2.3. DRASTIC Method

2.3.1. Vulnerability Assessment

The US Environmental Protection Agency (EPA) developed the DRASTIC model to standardize the methods for evaluating the vulnerability of groundwater to contamination [30]. Intrinsic groundwater vulnerability is an index and overlay method, which is dependent on the different hydrogeological parameters of the aquifer system [14]. Seven parameters—depth to water table, net recharge, aquifer media, soil media, topography, impact of vadose zone, and hydraulic conductivity (DRASTIC)—are applied by the model for assessing groundwater vulnerability.

A specific rate from 1 to 10 is assigned to each parameter, based on the hydrogeological characteristics (Table 2), with the higher values representing greater vulnerability potential. Then, weights are allocated to each of the seven hydrogeological settings from 1 to 5 (Table 2).

Table Table 2. DRASTIC parameters [30].

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Table 2. DRASTIC parameters [30].
Depth to water (m)Net recharge (mm)Aquifer mediaSoil mediaTopography (% slope)Impact of Vadose zone materialConductivity (m/d)
1>30.450.8-No shrinking Clay>18Confining layer0.04–4.1
222.8–30.4-Massive shaleMuck--4.1–12.3
315.2–22.850.8–101.6Metamorphic igneous clayClay loam12–18Silt/clay Shale limestone-
4--Weathered metamorphicSilty loam--12.3–28.7
59.1–15.2-Glacial tillLoam6–12--
6-101.6–177.8Bedded sandstone limestoneSandy loam-Sandstone bedded limestone and limestone shale, gravel and w. silt28.7–41
74.6–9.1--Shrinking clay---
8-177.8–254Massive limestone sand and gravelPeat-Sand and gravel41–82
100–1.5>254Karsts limestoneThin or absent Gravel0–2Karsts limestone>82

The most important parameters have a weight of 5 and the least important have a weight of 1. The DRASTIC index is calculated by multiplying each factor’s rating by the assigned weights, as follows:

DRASTIC Index = DRDW + RrRw + ArAw + SrSw + TrTw + IrIw + CrCw
where D, R, A, S, T, I, and C represent the seven hydrogeological factors, r is the rating and w the weight. The DRASTIC index represents a relative measure of groundwater vulnerability and can range from 26 (very low vulnerability) to 226 (extremely high vulnerability) [31].

Although areas with a low DRASTIC index are less susceptible to pollution compared to areas with a high DRASTIC index, it does not mean that these areas are completely free from groundwater contamination. The DRASTIC model is based on four assumptions: (a) the contaminant is introduced at the ground surface; (b) the contaminant enters the groundwater by precipitation; (c) the contaminant has mobility; and (d) the area should be 400 m2 or larger [15].

2.3.2. Risk Assessment

The risk of groundwater contamination is not only determined by the intrinsic groundwater vulnerability map, but is also related to the existence of contamination sources. Human activities, which mainly occur at the land surface, could be the source of groundwater contamination. To assess the potential risk of groundwater, an extra factor (land use) should be added to the study (Table 3). The risk map was created based on the following equation [17]:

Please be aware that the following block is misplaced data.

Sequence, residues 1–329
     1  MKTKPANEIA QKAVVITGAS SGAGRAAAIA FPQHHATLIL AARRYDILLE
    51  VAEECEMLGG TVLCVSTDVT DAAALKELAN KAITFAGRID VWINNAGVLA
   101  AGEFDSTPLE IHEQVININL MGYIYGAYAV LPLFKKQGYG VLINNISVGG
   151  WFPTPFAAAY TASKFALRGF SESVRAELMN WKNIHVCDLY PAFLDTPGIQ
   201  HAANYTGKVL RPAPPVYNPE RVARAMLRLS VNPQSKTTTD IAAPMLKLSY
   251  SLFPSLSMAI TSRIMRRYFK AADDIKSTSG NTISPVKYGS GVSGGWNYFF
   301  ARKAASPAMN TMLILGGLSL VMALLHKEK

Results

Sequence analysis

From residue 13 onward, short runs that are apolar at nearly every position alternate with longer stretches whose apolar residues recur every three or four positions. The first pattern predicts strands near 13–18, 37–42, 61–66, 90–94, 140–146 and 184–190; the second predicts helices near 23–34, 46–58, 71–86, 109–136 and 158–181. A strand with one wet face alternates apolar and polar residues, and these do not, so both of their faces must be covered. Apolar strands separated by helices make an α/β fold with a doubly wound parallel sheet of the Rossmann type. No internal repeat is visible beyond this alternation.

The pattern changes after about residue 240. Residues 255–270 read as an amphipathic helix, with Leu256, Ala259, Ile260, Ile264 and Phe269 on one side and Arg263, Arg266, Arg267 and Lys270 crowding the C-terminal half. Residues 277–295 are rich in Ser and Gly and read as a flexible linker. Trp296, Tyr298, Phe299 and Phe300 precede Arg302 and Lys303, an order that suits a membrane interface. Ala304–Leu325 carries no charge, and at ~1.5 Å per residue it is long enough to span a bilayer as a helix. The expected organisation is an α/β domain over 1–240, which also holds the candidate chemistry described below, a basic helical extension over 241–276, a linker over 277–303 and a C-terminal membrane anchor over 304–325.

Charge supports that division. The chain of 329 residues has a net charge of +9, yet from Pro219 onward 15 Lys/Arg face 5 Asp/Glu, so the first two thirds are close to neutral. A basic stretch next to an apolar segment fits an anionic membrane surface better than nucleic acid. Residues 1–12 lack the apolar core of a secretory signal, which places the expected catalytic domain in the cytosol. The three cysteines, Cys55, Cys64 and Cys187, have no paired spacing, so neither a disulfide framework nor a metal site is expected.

Risk Index = DRASTIC index + LrLw
where L refers to land use, r to the rating and w to weight. Secunda et al. [32] and Adamat et al. [17] specified three dominant classes of land use activity—built-up area, irrigated field crops and uncultivated land—that could affect groundwater quality (Table 3).

Similar to the vulnerability map, the groundwater contamination risk map could be classified into eight classes, from very low (<145) to extremely high (>270) contamination risk (Table 4) [33].

Table Table 3. Land use classification [17].

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Table 3. Land use classification [17].
Land use activityRating
Irrigated field crop8
Built-up area8
Uncultivated land5
Land use weight 5

Table Table 4. Classification of vulnerability and risk index values.

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Table 4. Classification of vulnerability and risk index values.
classVery lowlowModerate lowModerateModerate highHighVery highExtremely high
Total Drastic index value27–7980–99100–119120–139140–159160–179180–199199–240
Total risk index value<145145–165166–186187–207208–228229–249250–270>270

2.4. Geostatistical Technique

2.4.1. Variogram Analysis

Geostatistics have been defined by Matheron [34] as “the application of probabilistic methods to regionalized variables,” indicating that any variable in an area has both random and spatial properties [35]. This technique was developed to create mathematical models for a spatial correlation structure [34,35,36] with a variogram that quantifies the spatial variability of random variables between two points [37]. The empirical semivariogram, γ(h), is calculated as half the average quadratic difference between data points separated by the distance vector h [35]:

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where n (h) is the total number of the variable pairs separated by this distance; and z (x) is the value of the variable.

The experimental variogram is fitted into a theoretical model, which comprises eleven different functions: circular, spherical, tetra spherical, pentaspherical, exponential, Gaussian, rational quadratic, Hole effect, K-Bessel, J-Bessel and stable. The cross validation estimation is applied as the goodness-of-fit method for selecting the best variogram model. For accurate prediction, the mean error (ME) and kriged reduced mean squared error (KRMSE) are computed as follows: